Academic nursing administrators' experiences with social distancing during COVID-19: A qualitative study
Vineta Mitchell, PhD, MBA/MHCM, BSN, RN, CMCN, CCM
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The COVID-19 pandemic brought about many unpredictable challenges requiring flexible and adaptable solutions for higher education, especially in nursing academia. The COVID-19 pandemic challenged nursing academia, including academic nursing administrators (ANAs), to keep staff and students safe while mitigating the spread of the disease. The ongoing outbreak of COVID-19 and the global healthcare crisis of this generation led to the need for social distancing. As the number of deaths increased from the coronavirus, radical changes were adopted in the United States, including social distancing. The COVID-19 pandemic complicated the practical aspects of the practicum in nursing education as they questioned how to continue educating nurses while facing the need for social distancing. A research study using a basic qualitative research method (BQRM) using Roy’s adaptative model (RAM) as the lens was conducted to explore the experiences of ANAs in undergraduate nursing programs (UNPs) with social distancing during the COVID-19 pandemic. The broad problem of interest underlying the study was the experiences of the (ANAs) as they managed both the unique challenges resulting from the coronavirus and the need for social distancing and the broader underlying shortage of nurses present before the COVID-19 pandemic. The academic and clinical realities related to meeting the Center for Disease Control (CDC) requirement for social distancing caused faculty to conduct known roles through unknown mechanisms, including a rapid transition to virtual formats for teaching, COVID testing, counseling, advising, and supporting students. Nursing academia needed to continue educating future nurses in a society facing social distancing while also needing to increase the number of nurses at the frontline. The specific research topic of the research study was the experiences of academic nursing administrators of undergraduate nursing programs (UNPs) with social distancing during the coronavirus (COVID-19) pandemic. The insight gained from the study about the ANAs’ experiences could be shared with policymakers to guide improved nursing practice policies that would help meet the complex challenges of social distancing during the COVID-19 pandemic or that might happen with other public health crises. ANAs were able to recognize and facilitate needed significant changes in training nursing students while maintaining the nursing programs’ integrity, especially during the nursing shortage. The findings of this research study provide valuable insight and positive implications for understanding the context of the experiences of the ANAs with social distancing that may lead to preparation for needed adaptations in nursing academia for the future.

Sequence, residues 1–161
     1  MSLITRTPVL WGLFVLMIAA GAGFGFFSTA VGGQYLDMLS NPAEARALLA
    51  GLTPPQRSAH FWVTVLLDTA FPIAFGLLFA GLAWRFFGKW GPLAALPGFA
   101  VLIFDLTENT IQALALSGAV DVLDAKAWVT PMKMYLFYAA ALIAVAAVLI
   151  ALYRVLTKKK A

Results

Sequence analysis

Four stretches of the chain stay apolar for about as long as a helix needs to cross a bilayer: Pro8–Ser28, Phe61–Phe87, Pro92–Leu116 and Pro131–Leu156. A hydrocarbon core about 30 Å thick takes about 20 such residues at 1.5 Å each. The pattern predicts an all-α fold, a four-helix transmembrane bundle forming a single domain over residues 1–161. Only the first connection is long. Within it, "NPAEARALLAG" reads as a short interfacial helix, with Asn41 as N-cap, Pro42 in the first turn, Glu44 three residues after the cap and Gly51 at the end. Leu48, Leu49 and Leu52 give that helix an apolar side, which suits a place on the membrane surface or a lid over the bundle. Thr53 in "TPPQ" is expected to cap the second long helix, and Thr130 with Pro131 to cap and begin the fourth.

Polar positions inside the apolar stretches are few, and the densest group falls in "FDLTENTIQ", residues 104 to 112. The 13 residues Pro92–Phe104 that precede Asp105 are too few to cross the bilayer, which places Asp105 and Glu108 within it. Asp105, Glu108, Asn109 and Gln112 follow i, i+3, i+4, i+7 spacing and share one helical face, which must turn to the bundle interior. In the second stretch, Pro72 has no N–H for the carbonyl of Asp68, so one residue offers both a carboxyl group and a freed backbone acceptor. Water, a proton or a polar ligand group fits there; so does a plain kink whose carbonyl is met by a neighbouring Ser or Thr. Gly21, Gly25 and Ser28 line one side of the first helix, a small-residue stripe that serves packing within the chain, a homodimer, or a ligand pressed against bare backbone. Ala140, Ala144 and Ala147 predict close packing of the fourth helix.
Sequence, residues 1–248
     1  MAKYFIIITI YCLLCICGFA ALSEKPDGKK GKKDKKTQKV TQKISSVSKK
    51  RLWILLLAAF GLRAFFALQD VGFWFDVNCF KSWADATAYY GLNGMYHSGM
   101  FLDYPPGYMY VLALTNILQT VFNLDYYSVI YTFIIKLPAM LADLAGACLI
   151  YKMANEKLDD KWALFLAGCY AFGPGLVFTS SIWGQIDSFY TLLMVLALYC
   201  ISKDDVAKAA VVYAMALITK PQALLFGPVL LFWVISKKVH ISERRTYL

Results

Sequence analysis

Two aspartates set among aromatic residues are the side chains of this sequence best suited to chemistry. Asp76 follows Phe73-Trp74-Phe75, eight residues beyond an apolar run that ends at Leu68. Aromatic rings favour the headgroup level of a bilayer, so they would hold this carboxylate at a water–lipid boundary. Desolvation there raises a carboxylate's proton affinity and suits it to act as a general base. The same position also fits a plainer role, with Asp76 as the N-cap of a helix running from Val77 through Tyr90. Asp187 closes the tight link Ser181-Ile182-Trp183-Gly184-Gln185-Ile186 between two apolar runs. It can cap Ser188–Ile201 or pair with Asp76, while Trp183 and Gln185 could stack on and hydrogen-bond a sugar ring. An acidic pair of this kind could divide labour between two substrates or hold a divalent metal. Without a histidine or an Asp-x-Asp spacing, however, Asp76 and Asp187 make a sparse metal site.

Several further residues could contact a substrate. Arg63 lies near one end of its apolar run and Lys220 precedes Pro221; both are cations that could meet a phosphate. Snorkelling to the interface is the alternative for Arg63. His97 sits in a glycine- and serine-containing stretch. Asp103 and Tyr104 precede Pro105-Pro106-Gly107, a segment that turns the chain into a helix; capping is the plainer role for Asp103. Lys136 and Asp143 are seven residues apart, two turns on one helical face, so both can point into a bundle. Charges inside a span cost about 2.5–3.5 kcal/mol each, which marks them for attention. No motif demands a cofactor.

This dissertation has also been disseminated through the ProQuest Dissertations and Theses database. Dissertation/thesis number: 30426195; ProQuest document ID: 2811153734. The author still retains copyright.
This item has not gone through this repository's peer-review process, but has been accepted by the indicated university or college in partial fulfillment of the requirements for the specified degree.
|Review Type||None: Degree-based Submission|
|Research Approach||Qualitative Research|
|Keywords||Roy's Adaptive Model;
Nursing Practice Policies
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